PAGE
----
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REVIEW: ‘An Absolutely Remarkable Thing’ by Hank Green is exactly what it says on the tin

Hank Green’s debut is the definition of un-put-down-able!
 

An Absolutely Remarkable Thing was the first book I’ve read in a while that I haven’t been able to put down.

The blurb:

The Carls just appeared.

Roaming through New York City at three a.m., twenty-three-year-old April May stumbles across a giant sculpture. Delighted by its appearance and craftsmanship — like a ten-foot-tall Transformer wearing a suit of samurai armour — April and her best friend, Andy, make a video with it, which Andy uploads to YouTube. The next day, April wakes up to a viral video and a new life. News quickly spreads that there are Carls in dozens of cities around the world — from Beijing to Buenos Aires — and April, as their first documentarian, finds herself at the centre of an intense international media spotlight.

Seizing the opportunity to make her mark on the world, April now has to deal with the consequences her new particular brand of fame has on her relationships, her safety, and her own identity. And all eyes are on April to figure out not just what the Carls are, but what they want from us.

The first few chapters of this novel gave me massive Sleeping Giants vibes. If you haven’t read the novel by Sylvian Neuvel, it follows a very similar plot in that a metal giant appears and causes uproar across the world. The difference though, is the perspective from which it is told. Where Neuvel explores the scientific and governmental aspect, Green considers the public side of such a phenomenon.

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I loved this focus of Green’s. It allows him to explore other topics, such as the repercussions of modern-day fame. April May begins the novel as an ordinary 23-year-old who simply sees something cool. She records a video with her friend about the sculpture, naming it Carl, which begins her rise to fame. I think Hank Green details this, and its consequences, incredibly well. I particularly liked that April May didn’t sugarcoat herself. She was aware of and honest about her bad decisions. She is a flawed character, and as such is realistic.

Another aspect I’d like to draw attention to is that April May is bisexual, and at the beginning of the novel is dating a black woman. Their sexuality isn’t the focus of the story, nor is it the cause of conflict. Green brings it up to demonstrate how sexuality is talked about in the media, with a scene where April is on TV and her sexuality is discussed despite being nothing to do with the topic at hand. It is beautifully woven into the story.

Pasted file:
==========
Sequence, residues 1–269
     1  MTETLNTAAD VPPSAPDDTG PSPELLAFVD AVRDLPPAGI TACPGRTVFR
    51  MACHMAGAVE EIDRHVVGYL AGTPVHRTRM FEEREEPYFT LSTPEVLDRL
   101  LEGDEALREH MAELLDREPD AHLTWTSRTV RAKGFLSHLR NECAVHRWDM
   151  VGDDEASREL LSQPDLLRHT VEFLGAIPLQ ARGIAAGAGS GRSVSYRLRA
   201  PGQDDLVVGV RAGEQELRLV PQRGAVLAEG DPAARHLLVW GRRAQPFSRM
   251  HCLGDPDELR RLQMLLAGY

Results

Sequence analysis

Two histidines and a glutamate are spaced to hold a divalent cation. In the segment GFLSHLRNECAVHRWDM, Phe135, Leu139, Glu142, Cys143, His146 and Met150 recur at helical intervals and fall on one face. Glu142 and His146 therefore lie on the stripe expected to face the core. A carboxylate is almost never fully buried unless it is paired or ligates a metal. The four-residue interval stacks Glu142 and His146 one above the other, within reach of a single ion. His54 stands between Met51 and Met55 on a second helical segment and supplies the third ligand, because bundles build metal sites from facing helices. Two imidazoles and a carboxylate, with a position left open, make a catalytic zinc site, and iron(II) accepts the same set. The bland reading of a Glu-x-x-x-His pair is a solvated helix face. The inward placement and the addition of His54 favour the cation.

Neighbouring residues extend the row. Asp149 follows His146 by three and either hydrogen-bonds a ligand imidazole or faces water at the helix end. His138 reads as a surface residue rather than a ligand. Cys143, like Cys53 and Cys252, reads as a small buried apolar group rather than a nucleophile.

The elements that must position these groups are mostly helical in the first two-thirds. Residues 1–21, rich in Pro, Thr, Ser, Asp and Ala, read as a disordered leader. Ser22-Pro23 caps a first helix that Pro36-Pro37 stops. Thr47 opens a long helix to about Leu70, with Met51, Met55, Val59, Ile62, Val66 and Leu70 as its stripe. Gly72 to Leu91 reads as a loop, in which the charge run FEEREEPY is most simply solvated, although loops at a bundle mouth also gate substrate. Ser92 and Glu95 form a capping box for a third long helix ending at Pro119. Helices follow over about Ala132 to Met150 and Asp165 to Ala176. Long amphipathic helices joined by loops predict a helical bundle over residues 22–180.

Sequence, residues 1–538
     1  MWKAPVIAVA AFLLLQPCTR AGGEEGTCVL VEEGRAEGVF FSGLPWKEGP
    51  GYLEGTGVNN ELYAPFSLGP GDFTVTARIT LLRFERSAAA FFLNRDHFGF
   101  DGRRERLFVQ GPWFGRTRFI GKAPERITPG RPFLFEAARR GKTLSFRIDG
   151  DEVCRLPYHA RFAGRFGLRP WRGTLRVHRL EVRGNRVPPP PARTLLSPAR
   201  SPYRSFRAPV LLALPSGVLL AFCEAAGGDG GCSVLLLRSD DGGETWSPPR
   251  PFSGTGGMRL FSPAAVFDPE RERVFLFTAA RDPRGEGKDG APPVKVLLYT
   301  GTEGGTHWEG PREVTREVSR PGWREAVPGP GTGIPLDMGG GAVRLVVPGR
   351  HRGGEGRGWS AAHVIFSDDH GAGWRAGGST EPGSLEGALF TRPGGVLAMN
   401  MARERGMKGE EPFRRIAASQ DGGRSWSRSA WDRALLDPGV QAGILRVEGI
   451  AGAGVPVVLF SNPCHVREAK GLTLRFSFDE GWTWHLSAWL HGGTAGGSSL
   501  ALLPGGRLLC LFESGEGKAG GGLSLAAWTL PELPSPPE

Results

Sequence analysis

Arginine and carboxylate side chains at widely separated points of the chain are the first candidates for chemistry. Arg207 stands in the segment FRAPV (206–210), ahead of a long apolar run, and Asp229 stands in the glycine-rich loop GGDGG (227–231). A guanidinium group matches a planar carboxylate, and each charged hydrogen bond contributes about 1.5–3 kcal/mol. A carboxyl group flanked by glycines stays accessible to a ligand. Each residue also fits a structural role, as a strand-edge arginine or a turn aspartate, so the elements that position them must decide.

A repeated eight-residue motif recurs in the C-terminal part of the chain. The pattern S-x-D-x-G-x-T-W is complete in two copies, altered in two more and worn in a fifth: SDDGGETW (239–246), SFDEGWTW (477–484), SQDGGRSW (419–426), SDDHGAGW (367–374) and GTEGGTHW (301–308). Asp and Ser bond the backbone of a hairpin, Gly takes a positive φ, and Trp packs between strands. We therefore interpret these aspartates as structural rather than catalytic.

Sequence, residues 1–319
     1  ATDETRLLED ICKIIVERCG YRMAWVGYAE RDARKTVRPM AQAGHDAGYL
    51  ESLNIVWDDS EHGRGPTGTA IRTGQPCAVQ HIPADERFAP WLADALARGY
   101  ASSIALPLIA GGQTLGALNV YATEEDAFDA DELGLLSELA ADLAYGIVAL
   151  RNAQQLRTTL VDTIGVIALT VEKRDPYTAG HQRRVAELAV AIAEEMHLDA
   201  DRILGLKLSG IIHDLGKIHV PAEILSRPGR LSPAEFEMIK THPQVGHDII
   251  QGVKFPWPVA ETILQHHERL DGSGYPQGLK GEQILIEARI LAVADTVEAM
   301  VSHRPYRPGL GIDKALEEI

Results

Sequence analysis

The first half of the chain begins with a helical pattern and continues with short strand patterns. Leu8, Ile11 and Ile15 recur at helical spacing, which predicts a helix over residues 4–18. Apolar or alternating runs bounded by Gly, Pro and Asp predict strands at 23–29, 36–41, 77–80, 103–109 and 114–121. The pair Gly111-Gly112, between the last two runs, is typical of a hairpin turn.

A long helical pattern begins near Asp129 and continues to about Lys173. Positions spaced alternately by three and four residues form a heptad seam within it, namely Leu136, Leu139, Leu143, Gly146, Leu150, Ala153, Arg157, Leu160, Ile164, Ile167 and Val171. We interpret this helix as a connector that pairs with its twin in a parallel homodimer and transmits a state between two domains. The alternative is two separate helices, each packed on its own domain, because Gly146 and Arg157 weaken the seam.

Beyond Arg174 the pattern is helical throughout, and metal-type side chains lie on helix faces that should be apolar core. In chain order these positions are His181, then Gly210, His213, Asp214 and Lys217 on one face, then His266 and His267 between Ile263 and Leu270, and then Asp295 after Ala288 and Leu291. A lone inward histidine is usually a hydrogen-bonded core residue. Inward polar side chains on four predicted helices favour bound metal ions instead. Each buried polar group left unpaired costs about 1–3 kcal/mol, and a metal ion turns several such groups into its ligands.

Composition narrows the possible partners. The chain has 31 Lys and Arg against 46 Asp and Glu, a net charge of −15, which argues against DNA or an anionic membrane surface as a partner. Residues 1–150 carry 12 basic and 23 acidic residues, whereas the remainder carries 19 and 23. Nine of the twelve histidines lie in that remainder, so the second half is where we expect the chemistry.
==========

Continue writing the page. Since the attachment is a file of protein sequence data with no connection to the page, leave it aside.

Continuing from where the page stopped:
The themes in this novel are all talked about incredibly well. It covers a range of topics, and Green approaches each one with care and consideration. He spreads a powerful message, and gives the reader a lot to chew on. It really made me consider how people would react if something like this happened. There’s no doubt the author has spent a lot of time pondering the same!

The writing in the novel is beautiful: simple yet elegant. There are lots of powerful lines in this book (sometimes too many to take in) and it is clear Hank Green is trying to say a lot. It is easy to read in the sense of the style — April is talking directly to the reader, and her conversational tone makes the story flow.

The characters each have qualities that make them unique, and this really comes through! There were reasons to like but question each of them. I was impressed by how well this came through despite the premise being a book written by April about her life.

I really enjoyed An Absolutely Remarkable Thing, and was thrilled to hear about its sequel, A Beautifully Foolish EndeavourYou can count on a review for that one, too!

4.8
A Remarkable Thing
Plot
Characters
Writing
Theme/Message

I truly loved this novel! Whenever I wasn’t reading it I was itching to pick it up again. Whenever I was reading it I was trying to slow myself down so that it wouldn’t end!

The story flows wonderfully easily. I loved the tone and style and the plot was fascinating.

My only issue was a chapter written from another character’s perspective, which I felt lacked differentiation from April’s. It sounded too much like our main character.